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Network Working Group                                             E. Pot
Internet-Draft                                                fruux GmbH
Expires: December 29, 2016                                      C. Daboo
                                                                 E. York
                                                              Apple Inc.
                                                           June 27, 2016


                        WebDAV Resource Sharing
                  draft-pot-webdav-resource-sharing-04

Abstract

   This specification defines an extension to WebDAV that enables the
   sharing of resources between users on a WebDAV server.

Status of This Memo

   This Internet-Draft is submitted in full conformance with the
   provisions of BCP 78 and BCP 79.

   Internet-Drafts are working documents of the Internet Engineering
   Task Force (IETF).  Note that other groups may also distribute
   working documents as Internet-Drafts.  The list of current Internet-
   Drafts is at http://datatracker.ietf.org/drafts/current/.

   Internet-Drafts are draft documents valid for a maximum of six months
   and may be updated, replaced, or obsoleted by other documents at any
   time.  It is inappropriate to use Internet-Drafts as reference
   material or to cite them other than as "work in progress."

   This Internet-Draft will expire on December 29, 2016.

Copyright Notice

   Copyright (c) 2016 IETF Trust and the persons identified as the
   document authors.  All rights reserved.

   This document is subject to BCP 78 and the IETF Trust's Legal
   Provisions Relating to IETF Documents
   (http://trustee.ietf.org/license-info) in effect on the date of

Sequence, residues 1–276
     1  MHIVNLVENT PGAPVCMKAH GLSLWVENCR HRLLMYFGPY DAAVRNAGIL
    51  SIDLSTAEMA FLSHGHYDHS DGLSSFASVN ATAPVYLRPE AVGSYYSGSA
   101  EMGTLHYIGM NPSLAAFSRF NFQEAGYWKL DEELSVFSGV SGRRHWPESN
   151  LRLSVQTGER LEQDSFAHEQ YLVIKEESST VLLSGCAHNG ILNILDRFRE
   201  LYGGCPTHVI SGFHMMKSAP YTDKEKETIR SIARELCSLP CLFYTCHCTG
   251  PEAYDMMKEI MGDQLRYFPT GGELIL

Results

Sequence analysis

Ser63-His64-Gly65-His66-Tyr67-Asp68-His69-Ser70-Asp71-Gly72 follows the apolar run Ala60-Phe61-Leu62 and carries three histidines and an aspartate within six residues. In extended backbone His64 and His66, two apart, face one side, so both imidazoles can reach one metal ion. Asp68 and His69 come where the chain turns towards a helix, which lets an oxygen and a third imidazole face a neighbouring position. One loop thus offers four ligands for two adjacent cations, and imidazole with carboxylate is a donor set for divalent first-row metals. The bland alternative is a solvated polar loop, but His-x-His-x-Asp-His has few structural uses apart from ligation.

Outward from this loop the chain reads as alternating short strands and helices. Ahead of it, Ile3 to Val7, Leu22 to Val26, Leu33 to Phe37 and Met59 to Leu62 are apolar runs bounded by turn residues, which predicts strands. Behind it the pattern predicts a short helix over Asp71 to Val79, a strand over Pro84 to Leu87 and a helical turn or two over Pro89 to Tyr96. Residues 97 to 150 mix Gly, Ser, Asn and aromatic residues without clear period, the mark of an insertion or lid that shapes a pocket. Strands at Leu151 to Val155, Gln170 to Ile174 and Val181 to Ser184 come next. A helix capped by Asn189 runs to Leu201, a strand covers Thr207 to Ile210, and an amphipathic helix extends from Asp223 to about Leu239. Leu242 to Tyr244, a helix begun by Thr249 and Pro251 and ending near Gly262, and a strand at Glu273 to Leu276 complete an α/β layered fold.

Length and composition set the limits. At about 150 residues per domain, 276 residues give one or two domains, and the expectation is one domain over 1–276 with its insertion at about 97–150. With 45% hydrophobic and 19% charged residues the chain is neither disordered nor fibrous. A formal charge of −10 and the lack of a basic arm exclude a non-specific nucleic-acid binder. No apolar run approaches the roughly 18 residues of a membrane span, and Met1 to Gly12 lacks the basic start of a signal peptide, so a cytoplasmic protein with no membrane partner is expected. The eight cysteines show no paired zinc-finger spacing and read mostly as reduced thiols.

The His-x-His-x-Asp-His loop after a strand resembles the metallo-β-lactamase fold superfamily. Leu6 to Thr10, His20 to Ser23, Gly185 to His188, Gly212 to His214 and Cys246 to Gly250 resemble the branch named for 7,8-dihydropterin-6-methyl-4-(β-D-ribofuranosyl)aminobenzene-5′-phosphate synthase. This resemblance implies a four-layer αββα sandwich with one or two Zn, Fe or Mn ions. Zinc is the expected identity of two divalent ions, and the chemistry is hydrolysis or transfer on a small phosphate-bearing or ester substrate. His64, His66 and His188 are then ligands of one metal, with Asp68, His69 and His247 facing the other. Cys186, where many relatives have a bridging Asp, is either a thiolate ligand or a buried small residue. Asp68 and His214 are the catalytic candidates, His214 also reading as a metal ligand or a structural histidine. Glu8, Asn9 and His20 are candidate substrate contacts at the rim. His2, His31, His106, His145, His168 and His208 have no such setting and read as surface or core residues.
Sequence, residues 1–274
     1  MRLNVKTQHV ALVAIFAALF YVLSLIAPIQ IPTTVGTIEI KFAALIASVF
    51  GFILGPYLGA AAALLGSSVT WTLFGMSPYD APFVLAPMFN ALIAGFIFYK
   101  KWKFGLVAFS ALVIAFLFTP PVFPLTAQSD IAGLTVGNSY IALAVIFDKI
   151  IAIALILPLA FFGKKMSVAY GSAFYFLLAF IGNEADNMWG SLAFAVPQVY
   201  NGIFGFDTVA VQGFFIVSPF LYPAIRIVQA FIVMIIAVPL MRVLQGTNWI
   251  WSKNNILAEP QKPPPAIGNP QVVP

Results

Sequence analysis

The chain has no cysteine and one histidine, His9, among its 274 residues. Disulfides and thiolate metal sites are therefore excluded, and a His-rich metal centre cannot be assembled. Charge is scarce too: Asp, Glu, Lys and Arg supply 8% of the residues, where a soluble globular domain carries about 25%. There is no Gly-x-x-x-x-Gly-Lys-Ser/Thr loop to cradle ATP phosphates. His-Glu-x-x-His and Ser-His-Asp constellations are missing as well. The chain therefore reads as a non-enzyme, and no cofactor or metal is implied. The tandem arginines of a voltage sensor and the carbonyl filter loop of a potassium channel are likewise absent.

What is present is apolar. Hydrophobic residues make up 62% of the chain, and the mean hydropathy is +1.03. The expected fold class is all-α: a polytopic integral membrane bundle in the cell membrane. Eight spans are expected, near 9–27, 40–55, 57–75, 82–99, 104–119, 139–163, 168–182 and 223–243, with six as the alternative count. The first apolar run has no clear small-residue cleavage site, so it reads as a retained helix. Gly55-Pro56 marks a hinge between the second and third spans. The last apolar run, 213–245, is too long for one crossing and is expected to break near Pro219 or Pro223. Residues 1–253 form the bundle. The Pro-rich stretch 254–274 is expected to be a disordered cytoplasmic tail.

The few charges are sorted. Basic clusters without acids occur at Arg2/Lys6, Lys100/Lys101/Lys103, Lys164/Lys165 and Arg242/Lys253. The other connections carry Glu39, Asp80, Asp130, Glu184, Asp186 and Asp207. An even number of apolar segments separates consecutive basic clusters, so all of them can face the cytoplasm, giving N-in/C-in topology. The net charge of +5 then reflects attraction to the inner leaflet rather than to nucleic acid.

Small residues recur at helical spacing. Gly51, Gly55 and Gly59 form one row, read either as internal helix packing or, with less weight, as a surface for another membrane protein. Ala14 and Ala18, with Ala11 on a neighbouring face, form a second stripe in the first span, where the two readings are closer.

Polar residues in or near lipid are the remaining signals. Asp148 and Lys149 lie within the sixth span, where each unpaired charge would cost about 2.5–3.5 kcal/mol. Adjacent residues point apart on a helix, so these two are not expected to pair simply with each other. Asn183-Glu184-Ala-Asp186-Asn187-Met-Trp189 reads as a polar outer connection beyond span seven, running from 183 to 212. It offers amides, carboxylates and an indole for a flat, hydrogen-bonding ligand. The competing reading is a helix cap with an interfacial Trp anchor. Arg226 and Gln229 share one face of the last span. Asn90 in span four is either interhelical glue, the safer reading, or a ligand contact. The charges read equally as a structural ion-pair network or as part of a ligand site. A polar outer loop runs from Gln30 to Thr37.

publication of this document.  Please review these documents
   carefully, as they describe your rights and restrictions with respect
   to this document.  Code Components extracted from this document must
   include Simplified BSD License text as described in Section 4.e of
   the Trust Legal Provisions and are provided without warranty as
   described in the Simplified BSD License.




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Table of Contents

   1.  Introduction  . . . . . . . . . . . . . . . . . . . . . . . .   3
   2.  Conventions Used in This Document . . . . . . . . . . . . . .   3
   3.  High-level overview . . . . . . . . . . . . . . . . . . . . .   4
   4.  Sharing a resource  . . . . . . . . . . . . . . . . . . . . .   4
     4.1.  Advertising resource sharing support  . . . . . . . . . .   5
     4.2.  Required privileges . . . . . . . . . . . . . . . . . . .   5
     4.3.  Sharing POST request  . . . . . . . . . . . . . . . . . .   5
       4.3.1.  Example: Sharing a resource . . . . . . . . . . . . .   6
       4.3.2.  Example: Multiple sharee changes  . . . . . . . . . .   7
     4.4.  New WebDAV properties on shared resources . . . . . . . .   8
       4.4.1.  DAV:share-access Property . . . . . . . . . . . . . .   8
       4.4.2.  DAV:invite Property . . . . . . . . . . . . . . . . .   9
       4.4.3.  DAV:share-resource-uri Property . . . . . . . . . . .   9
     4.5.  Handling the share process  . . . . . . . . . . . . . . .  10
       4.5.1.  The invitation process  . . . . . . . . . . . . . . .  10
       4.5.2.  Instant sharing . . . . . . . . . . . . . . . . . . .  11
     4.6.  Notification Definitions  . . . . . . . . . . . . . . . .  11
       4.6.1.  Invite Notification . . . . . . . . . . . . . . . . .  11
         4.6.1.1.  Example: An invite notification . . . . . . . . .  11
       4.6.2.  Invite Reply  . . . . . . . . . . . . . . . . . . . .  13
         4.6.2.1.  Example: An invite reply  . . . . . . . . . . . .  13
     4.7.  Sharee Actions on Shared Resources  . . . . . . . . . . .  14
       4.7.1.  Replying to a Sharing Invite  . . . . . . . . . . . .  14
         4.7.1.1.  Example: Accepting an invite  . . . . . . . . . .  15
       4.7.2.  Ignoring an invitation  . . . . . . . . . . . . . . .  15
       4.7.3.  Making modifications to a shared resource . . . . . .  15
       4.7.4.  Removing a shared resource  . . . . . . . . . . . . .  16
     4.8.  General Considerations  . . . . . . . . . . . . . . . . .  16
       4.8.1.  Per-instance WebDAV Properties  . . . . . . . . . . .  16
       4.8.2.  Sharees and instances . . . . . . . . . . . . . . . .  16
       4.8.3.  Relationship between sharing access levels and WebDAV